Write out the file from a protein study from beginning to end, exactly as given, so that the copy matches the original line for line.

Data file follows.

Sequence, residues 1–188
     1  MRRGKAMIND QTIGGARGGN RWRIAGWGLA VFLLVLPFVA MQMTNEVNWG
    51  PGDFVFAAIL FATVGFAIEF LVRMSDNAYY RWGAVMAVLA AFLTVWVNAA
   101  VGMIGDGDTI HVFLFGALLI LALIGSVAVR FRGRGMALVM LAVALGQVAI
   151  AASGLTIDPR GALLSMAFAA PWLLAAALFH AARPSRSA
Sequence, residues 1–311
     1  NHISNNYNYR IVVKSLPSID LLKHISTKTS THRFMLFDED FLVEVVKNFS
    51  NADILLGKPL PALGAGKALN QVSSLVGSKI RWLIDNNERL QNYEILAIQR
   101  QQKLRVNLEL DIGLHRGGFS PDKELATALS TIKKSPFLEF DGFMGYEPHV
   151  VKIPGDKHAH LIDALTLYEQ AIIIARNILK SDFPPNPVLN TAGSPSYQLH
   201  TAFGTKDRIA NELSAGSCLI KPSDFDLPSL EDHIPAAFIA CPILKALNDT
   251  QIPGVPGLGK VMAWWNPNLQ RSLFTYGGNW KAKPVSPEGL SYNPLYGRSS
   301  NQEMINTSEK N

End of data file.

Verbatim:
Sequence, residues 1–188
     1  MRRGKAMIND QTIGGARGGN RWRIAGWGLA VFLLVLPFVA MQMTNEVNWG
    51  PGDFVFAAIL FATVGFAIEF LVRMSDNAYY RWGAVMAVLA AFLTVWVNAA
   101  VGMIGDGDTI HVFLFGALLI LALIGSVAVR FRGRGMALVM LAVALGQVAI
   151  AASGLTIDPR GALLSMAFAA PWLLAAALFH AARPSRSA
Sequence, residues 1–311
     1  NHISNNYNYR IVVKSLPSID LLKHISTKTS THRFMLFDED FLVEVVKNFS
    51  NADILLGKPL PALGAGKALN QVSSLVGSKI RWLIDNNERL QNYEILAIQR
   101  QQKLRVNLEL DIGLHRGGFS PDKELATALS TIKKSPFLEF DGFMGYEPHV
   151  VKIPGDKHAH LIDALTLYEQ AIIIARNILK SDFPPNPVLN TAGSPSYQLH
   201  TAFGTKDRIA NELSAGSCLI KPSDFDLPSL EDHIPAAFIA CPILKALNDT
   251  QIPGVPGLGK VMAWWNPNLQ RSLFTYGGNW KAKPVSPEGL SYNPLYGRSS
   301  NQEMINTSEK N